Prost Trainers

adidas Originals is toasting Oktoberfest with the adidas Munchen. It comes in Festbier colors, with Prost labeled on them and, most importantly, they are water resistant. No Kolsch will ruin your kicks.

They ain’t cheap though, so save your Euros.

Beer Search Party at GABF – Part 2

Started the day on a bus filled with New Belgium beer headed towards Fort Collins. BrewDad Mike secured us passes for a brewery visit and this is a tour like no other.

New Belgium is a huge campus. Really huge. Pipes everywhere. All labeled and all monitored by a computer straight out of Minority Report. And the place goes on and on. Our tour took us past three bars! And so much equipment. To wrap the kegs in plastic for shipping they used a big piece of metal that quickly encircled kegs in layers of plastic. There were labs and two story fermenters and foeders everywhere you looked.

And the lunch was awesome. Great classy food with no pretension. Grilled cheese wedges with tomato soup. Peruvian chicken wings and other little nibbles like Belgian waffles to go with the beer. I went back for seconds and thirds.

We headed home after another beer and on to Freshcraft a new (to me) gastropub on Blake street for the Taplister relaunch. Great beer and a contingent of Portland folk (bloggers and beermongers) plus Joe from Ratebeer. As we were departing, Jeremy and Ting from Eagle Rock strolled in. That is one of the great things about Denver during the fest. Everywhere you stop, there is usually someone you know.

After Freshcraft were stops at Falling Rock (short due to it being it’s usual packed to the rafters self), Breckenridge (for food and a place to rest weary legs) and to cap the night a taxi ride out to Prost Brewing to try their German styled beer. The Pils being my favorite of the taster tray.

The beers are starting to blur together but onward I march to Saturday.


When I think of beer afficionados, I think innovation (or collaboration, depending on the day) so when I saw this article in the online edition of the Oregonian, it came as no surprise.

“After months of construction, Prost! opens today as the anchor tenant to the new Mississippi Marketplace, at the corner of North Mississippi and Skidmore. In one of the most interesting experiments in Portland’s dining scene, the new German pub is the first restaurant to open its doors to food-cart customers looking for shelter — and a beer.

Business man Roger Goldingay spent months (not to mention $900,000 in real-estate costs) to shape a new vision for North Portland: converting a dilapidated building and an abandoned lot into a food-cart center, a community gathering place and an incubator for small artisan businesses focused on food or crafts. The cornerstone of Goldingay’s project was finding a restaurant that could work synergistically with its adjacent neighbors: a little village of spiffy food carts and market stalls.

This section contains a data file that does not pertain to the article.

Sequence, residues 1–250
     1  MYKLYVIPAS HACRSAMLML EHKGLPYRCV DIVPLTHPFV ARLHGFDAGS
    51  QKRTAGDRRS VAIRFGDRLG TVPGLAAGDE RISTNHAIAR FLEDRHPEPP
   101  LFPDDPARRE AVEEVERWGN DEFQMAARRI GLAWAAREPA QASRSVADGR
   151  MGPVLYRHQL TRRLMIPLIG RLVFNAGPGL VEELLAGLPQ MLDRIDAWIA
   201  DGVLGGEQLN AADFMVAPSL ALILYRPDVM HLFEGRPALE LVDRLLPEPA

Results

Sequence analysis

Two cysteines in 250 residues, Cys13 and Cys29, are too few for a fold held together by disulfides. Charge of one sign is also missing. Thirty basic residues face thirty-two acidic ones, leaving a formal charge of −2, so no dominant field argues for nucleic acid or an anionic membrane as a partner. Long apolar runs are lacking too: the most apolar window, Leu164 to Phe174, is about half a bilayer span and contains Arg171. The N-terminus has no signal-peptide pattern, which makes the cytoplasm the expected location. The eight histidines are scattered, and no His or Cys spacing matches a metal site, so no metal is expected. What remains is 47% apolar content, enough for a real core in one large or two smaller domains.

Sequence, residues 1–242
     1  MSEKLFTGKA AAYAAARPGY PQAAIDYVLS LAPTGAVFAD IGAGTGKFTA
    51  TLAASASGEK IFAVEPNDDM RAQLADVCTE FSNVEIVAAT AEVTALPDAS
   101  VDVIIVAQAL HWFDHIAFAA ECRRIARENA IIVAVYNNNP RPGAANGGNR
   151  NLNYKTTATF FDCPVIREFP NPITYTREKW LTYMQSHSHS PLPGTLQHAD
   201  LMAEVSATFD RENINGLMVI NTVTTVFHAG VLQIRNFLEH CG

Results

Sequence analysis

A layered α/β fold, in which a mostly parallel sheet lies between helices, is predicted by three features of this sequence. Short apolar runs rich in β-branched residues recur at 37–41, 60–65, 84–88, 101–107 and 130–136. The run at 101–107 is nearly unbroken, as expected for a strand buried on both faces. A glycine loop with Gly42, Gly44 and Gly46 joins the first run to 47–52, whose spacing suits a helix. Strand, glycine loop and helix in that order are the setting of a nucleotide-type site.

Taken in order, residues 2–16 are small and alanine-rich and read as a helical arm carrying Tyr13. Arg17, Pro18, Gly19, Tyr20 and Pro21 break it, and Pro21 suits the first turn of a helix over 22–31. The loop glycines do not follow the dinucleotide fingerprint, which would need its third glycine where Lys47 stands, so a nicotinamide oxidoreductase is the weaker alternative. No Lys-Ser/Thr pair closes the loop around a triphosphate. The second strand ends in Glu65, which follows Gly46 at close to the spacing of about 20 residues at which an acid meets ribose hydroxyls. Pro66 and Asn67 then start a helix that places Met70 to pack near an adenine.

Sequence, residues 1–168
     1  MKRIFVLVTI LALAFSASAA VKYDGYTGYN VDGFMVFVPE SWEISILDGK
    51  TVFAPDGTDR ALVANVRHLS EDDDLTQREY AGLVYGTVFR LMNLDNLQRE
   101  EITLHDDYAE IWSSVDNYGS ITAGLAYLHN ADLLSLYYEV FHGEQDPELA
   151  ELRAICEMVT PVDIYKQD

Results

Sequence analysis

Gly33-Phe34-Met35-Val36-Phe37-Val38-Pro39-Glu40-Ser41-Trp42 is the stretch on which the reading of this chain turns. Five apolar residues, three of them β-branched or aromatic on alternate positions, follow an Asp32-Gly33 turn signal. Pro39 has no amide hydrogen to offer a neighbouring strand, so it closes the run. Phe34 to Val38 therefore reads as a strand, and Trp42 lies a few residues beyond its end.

Prost! (pronounced “proast”) was in line with that vision. Cart hoppers can sit outdoors in Mississippi Marketplace’s large tented eating area. But they now also have the option to eat — day or night — inside Prost’s handsome new Greek Revival space, as long as they buy a drink. Surviving Portland’s monsoon season is a major challenge for Portland’s cart owners, and many die with chillier weather. The option to hunker down in a homey space could make is possible for Mississippi Marketplace cart owners to survive — and pave the way for other food cart and restaurant collaborations.

That shouldn’t be too painful, especially is you like German beer (prost means “cheers” in German). On tap: 11 German beers on draft and around 8 to 10 bottled options, plus with a hard liquor license.

Owner Dan Hart will also serve a modest menu of German-style snacks: sausages (sourced locally from The Original Bavarian Sausage), fresh-baked pretzels and sandwiches, with most things under $10.

Mississippi Marketplace is possibly a model for the future, as other developers are already looking to bring similar food-cart projects to other parts of the city. Goldingay says he has been contacted by several developers in recent weeks.

“Most restaurants consider the food carts to be competition,” says Goldingay, whose “Prost! was the first who came on and said we welcome the idea and support it. We’re praying we get through the winter!”

Prost! is located at the corner of North Mississippi and Skidmore, 3 p.m.-2:30 a.m., Monday-Friday, 11 a.m.-2:30 a.m. Saturday-Sunday”


The mantra of creative / out of the box thinking is overused especially in the media this last year but I applaud everyone who actually takes it heart and acts on it.